Arlington, VA (RPRN) 7/29/2009â€”This summer, The Nature Conservancy released the first-ever comprehensive global report on the state of shellfish at the International Marine Conservation Congress in Washington, DC.Â The report concludes that oyster reefs are the most severely impacted marine habitat on the planet.
â€œWeâ€™re seeing an unprecedented and alarming decline in the condition of oyster reefs, a critically important habitat in the worldâ€™s bays and estuaries,â€ said Mike Beck, senior marine scientist at The Nature Conservancy and lead author of the report.Â â€œHowever, realistic and cost-effective solutions within conservation and coastal restoration programs, along with policy and reef management improvements, provide hope for the survival of shellfish.â€
The hope for survival can be seen along the coast of South Carolina.
The local oysters are still healthy, and favorable conditions exist for their survival: good water quality, large spat supply and ongoing restoration efforts.Â This spring, the South Carolina chapter of the Conservancy partnered with the state Department of Natural Resources (DNR) to complete its first restoration project, creating an oyster reef in Tibwin Creek near McClellanville.Â In addition to on-the ground restoration efforts, the Conservancy is studying the use of alternative materials as substrate for oysters, working to increase the oyster shell recycling across the state and looking into state policy that could support the oyster conservation efforts.
â€œI am excited to work with the existing partners the Conservancy has in South Carolina and to create new relationships that will increase the oyster ecosystems in the future,â€ said Joy Brown, Marine Restoration Specialist for the South Carolina Chapter of The Nature Conservancy.
Besides being a culinary favorite and a long-standing staple in seafood restaurants around the globe, oysters provide benefits to humans in less obvious ways.Â For example, they act as natural water filters and improve water quality, provide food and habitat for fish, crabs and birds, and serve as natural coastal buffers that help to protect shorelines and keep coastal marshes intact, an important factor in protecting communities against storm surges and sea-level rise.
Reefs are functionally extinct in many areas, particularly in North America, Australia and Europe, and are no longer able to provide ecosystem services that benefit people.Â The driving forces behind the decline of oyster reefs include destructive fishing practices, coastal over-development, and associated effects of upstream activities such as altered river flows, dams, poorly managed agriculture and poor water quality. Â Many of these threats have been around for decades and even centuries, but today there are two main issues that impede oyster recovery efforts:Â thinking non-native oysters are a suitable replacement for the native species and a lack of understanding about the loss of oyster habitat.Â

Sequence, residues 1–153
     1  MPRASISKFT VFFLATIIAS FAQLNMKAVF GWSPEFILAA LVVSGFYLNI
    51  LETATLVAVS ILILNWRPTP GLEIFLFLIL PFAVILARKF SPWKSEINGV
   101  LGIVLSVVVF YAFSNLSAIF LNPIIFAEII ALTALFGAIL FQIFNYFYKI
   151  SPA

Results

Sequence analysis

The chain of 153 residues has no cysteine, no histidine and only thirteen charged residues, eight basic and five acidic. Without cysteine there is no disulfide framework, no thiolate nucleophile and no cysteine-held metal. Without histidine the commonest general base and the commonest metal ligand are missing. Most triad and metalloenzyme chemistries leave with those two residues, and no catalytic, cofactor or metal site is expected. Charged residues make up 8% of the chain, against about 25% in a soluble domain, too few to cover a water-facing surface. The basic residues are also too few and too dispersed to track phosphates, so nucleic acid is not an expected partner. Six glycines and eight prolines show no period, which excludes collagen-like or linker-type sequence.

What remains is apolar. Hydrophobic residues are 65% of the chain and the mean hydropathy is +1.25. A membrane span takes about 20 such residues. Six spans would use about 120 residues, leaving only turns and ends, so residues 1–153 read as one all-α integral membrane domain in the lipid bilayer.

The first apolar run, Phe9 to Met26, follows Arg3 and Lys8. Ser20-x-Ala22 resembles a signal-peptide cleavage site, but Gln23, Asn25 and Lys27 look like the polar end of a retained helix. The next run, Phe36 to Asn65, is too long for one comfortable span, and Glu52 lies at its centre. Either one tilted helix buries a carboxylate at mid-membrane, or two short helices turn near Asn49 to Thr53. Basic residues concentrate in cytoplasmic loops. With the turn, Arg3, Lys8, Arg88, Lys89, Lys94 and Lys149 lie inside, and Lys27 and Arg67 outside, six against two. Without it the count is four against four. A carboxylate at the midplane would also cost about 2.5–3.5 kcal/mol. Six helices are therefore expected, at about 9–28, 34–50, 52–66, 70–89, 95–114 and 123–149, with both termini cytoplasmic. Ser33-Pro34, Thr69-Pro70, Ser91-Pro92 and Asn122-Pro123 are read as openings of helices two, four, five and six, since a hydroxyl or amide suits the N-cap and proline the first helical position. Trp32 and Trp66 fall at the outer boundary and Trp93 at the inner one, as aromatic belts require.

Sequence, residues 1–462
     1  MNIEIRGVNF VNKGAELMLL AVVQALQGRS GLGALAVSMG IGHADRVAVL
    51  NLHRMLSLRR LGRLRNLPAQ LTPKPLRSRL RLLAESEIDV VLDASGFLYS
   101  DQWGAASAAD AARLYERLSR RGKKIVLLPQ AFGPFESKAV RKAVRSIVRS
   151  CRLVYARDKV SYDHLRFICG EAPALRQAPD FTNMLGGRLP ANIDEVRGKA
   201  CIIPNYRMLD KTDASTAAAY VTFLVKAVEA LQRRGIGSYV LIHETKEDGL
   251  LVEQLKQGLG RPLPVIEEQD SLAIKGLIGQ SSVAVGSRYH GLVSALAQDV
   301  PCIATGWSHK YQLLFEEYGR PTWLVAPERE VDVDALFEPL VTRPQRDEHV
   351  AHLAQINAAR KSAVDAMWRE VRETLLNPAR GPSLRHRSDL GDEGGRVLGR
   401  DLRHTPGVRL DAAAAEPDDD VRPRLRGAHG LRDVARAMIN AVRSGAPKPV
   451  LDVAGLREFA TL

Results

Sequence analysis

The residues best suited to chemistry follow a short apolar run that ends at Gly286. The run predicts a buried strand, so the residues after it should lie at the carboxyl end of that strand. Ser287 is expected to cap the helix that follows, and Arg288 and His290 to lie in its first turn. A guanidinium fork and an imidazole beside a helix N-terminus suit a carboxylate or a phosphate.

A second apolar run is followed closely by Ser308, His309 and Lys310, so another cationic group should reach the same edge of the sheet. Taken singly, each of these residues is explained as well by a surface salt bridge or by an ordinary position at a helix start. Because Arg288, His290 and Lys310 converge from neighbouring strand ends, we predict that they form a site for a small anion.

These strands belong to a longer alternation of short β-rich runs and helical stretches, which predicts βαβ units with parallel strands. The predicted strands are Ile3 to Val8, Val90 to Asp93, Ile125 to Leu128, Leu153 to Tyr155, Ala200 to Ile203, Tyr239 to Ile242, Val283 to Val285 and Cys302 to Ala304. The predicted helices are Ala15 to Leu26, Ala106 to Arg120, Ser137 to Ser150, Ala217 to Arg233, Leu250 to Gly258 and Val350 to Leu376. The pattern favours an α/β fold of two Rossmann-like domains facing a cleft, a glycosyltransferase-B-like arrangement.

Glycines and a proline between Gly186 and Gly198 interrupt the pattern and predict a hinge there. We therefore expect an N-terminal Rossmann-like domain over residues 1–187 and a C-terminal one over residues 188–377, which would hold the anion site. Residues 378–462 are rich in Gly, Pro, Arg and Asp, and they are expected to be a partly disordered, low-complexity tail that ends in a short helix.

Although the South Carolina oysters are showing good stability in many locations, there is still a need to recognize the loss of the populations over the last 100 years.Â According to the report, a primary concern is a widespread lack of awareness that shellfish habitats are in trouble.Â In nearly all cases, shellfish are managed as fisheries, meaning they are viewed as a commodity but are not valued for the intrinsic role they play in keeping marine ecosystems healthy and intact.
Recognizing the need to increase understanding of oyster reefs, SC House Rep. Carl Anderson recently invited The Nature Conservancy to speak to over 600 of his constituents about the value of ecosystem services provided by oysters.Â Anderson, who represents both Georgetown and Williamsburg Counties, â€œsupports the need for public education and awareness of our valued resource.â€
In addition to an increased understanding, the report lays out specific recommendations, drawn from examples around the world, to ensure conservation of remaining reefs and even reverse losses to restore ecosystem services that benefit people.Â These include the need to elevate native, wild oyster reefs as a priority for habitat management and conservation and to carry out large-scale restoration programs.
In South Carolina, efforts are already underway to implement many of the recommended strategies.Â For example, the DNR and partners annually plant 50,000 bushels of oyster restoration projects along the coast.Â The restoration projects are comprised of large scale loose shell sprayed along the marsh in open harvest areas and smaller scale SCORE projects to include non-harvest waters of the state.Â The SC DNR has been a pioneer in the oyster restoration and monitoring techniques since the early 1900â€™s.
â€SC DNR conducts a number of research, conservation and management programs to ensure sustainability of our states oyster habitat,â€ said Bill Anderson of the Fisheries Management division of the DNR.Â â€œThese efforts include using some of the most advanced mapping techniques available to identify and monitor oyster populations in the nearshore waters of the state.â€
Source: The Nature Conservancy